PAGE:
See more.

Visitor information about Kinghorn

Plenty on the recreational front, and three holiday parks. The adjoining tourist centres of Burntisland and Aberdour add to the range of attractions and all are connected by train on the north-east main line to Edinburgh and Dundee.

Kinghorn beach is an attractive sheltered bay with plenty of sand and a great place for families.  The boathouse of the Kinghorn Lifeboat is situated here and is called out to boats at risk in the open waters of the Firth of Forth.  The beach looks out onto Inchkeith  Island and across the firth to Arthurs Seat and the castle in Edinburgh and the Pentland Hills.  See More

Kinghorn Loch is just to the north and several watersports are carried out here - canoeing, sailing and open water swimming and the surrounding Binn Wildlife Conservation Area, stretching from Craigencalt to The Binn at Burntisland forms a traffic-free area for walkers, cyclists, horse-riders, bird and nature watchers to enjoy. See the Craigencalt Community website for more details.

Kinghorn Pathways and its Walking Group is part of Craigencalt Rural Community Trust (CRCT), a charity dedicated to the maintenance and enhancement of the countryside around Kinghorn.  The Trust has been extremely active in improving the Burnside Path from Kinghorn to Kinghorn Loch so that it is now suitable for smart shoes without getting wet and muddy.  The Rodanbraes and Binnend paths are greatly improved with lots for the children to enjoy.  Within Kinghorn the Trust has re-opened the historic Doric Wells Path with help from Fife Council.  There is lots to do still but all can enjoy walking, cycling or riding on the many paths around the village.  See more.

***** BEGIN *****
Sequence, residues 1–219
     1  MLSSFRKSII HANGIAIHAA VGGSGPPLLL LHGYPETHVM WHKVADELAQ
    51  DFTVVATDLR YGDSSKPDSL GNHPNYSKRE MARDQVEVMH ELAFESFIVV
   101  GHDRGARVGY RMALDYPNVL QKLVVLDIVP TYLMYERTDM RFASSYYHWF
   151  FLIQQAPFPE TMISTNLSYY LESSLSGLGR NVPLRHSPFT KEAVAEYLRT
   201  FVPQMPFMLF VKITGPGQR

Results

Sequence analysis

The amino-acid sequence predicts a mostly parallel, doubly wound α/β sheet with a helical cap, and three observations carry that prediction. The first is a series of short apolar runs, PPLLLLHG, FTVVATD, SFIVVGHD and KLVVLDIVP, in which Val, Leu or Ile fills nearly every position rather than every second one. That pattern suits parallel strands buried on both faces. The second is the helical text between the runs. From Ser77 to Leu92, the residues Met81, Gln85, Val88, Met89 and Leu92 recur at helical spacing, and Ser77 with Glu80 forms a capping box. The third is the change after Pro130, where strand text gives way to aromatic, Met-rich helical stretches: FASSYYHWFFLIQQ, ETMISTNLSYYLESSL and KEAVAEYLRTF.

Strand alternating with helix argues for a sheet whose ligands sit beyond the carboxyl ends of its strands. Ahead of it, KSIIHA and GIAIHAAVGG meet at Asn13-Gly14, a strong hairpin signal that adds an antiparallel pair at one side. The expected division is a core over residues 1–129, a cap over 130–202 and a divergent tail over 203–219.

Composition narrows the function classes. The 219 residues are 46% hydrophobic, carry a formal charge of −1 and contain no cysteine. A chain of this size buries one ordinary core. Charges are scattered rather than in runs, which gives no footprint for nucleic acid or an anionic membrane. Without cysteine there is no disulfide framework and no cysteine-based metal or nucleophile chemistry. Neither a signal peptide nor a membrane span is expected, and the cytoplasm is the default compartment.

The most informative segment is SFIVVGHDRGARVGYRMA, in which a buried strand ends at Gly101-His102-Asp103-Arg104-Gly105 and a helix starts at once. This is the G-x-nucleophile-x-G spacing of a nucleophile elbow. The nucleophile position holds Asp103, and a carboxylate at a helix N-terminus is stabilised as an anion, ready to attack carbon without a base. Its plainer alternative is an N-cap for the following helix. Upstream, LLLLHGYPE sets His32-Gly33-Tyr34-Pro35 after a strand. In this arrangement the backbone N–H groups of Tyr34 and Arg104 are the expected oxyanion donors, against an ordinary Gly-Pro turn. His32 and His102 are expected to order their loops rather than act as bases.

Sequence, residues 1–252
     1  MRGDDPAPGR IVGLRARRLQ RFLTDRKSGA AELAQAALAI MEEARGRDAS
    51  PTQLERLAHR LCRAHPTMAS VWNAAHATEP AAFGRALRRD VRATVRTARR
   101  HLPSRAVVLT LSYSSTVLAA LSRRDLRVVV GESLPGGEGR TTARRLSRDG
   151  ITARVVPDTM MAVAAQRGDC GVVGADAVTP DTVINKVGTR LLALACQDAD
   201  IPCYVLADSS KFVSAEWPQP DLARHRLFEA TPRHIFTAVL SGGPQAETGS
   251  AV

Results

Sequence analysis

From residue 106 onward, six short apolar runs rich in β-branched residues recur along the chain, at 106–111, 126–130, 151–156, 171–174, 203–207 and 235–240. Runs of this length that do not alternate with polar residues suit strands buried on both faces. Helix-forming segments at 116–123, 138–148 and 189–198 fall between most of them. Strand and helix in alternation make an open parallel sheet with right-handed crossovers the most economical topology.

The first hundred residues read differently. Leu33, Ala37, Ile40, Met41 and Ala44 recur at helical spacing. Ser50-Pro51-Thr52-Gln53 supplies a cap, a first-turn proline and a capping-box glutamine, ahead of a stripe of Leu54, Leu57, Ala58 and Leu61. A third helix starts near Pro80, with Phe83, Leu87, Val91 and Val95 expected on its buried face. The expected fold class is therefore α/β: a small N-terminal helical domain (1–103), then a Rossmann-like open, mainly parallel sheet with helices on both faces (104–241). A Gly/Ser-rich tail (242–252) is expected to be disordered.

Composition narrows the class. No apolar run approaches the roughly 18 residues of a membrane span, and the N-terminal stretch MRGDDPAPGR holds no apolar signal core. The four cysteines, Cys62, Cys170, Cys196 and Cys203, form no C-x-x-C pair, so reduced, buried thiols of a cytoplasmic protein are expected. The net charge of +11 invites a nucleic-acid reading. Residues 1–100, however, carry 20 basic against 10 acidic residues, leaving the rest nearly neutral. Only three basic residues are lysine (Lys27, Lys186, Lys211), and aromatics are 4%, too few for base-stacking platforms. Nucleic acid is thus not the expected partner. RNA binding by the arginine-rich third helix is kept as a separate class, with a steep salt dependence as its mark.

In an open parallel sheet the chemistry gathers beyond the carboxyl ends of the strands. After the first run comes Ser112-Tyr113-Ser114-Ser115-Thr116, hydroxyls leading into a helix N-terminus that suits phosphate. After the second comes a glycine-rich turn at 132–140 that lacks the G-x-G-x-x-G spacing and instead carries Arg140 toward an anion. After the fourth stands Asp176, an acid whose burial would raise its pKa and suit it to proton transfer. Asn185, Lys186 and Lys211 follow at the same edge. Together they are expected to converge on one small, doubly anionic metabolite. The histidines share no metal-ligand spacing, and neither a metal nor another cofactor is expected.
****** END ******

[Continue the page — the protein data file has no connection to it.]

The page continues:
paths

Walking Festival this autumn - from Saturday 6th September to Sunday 14th.  There will be walks for every taste.  Short heritage walks within Kinghorn or Burntisland and guided bird watching at Kinghorn Loch.  Longer heritage walks, industrial heritage, birds, geology and those for the tremendous views and just for exercise.  For the children there will be “Three Billy Goats Gruff” with the troll under the bridge at Rodanbraes Path.  Lots for everyone and with lots of organisations providing guide leaders.  It will be a first and will be great.  Check it out on Craigencalt Trust website.

Poster for the Walking Festival 2014

Get more information on the Walking Festival.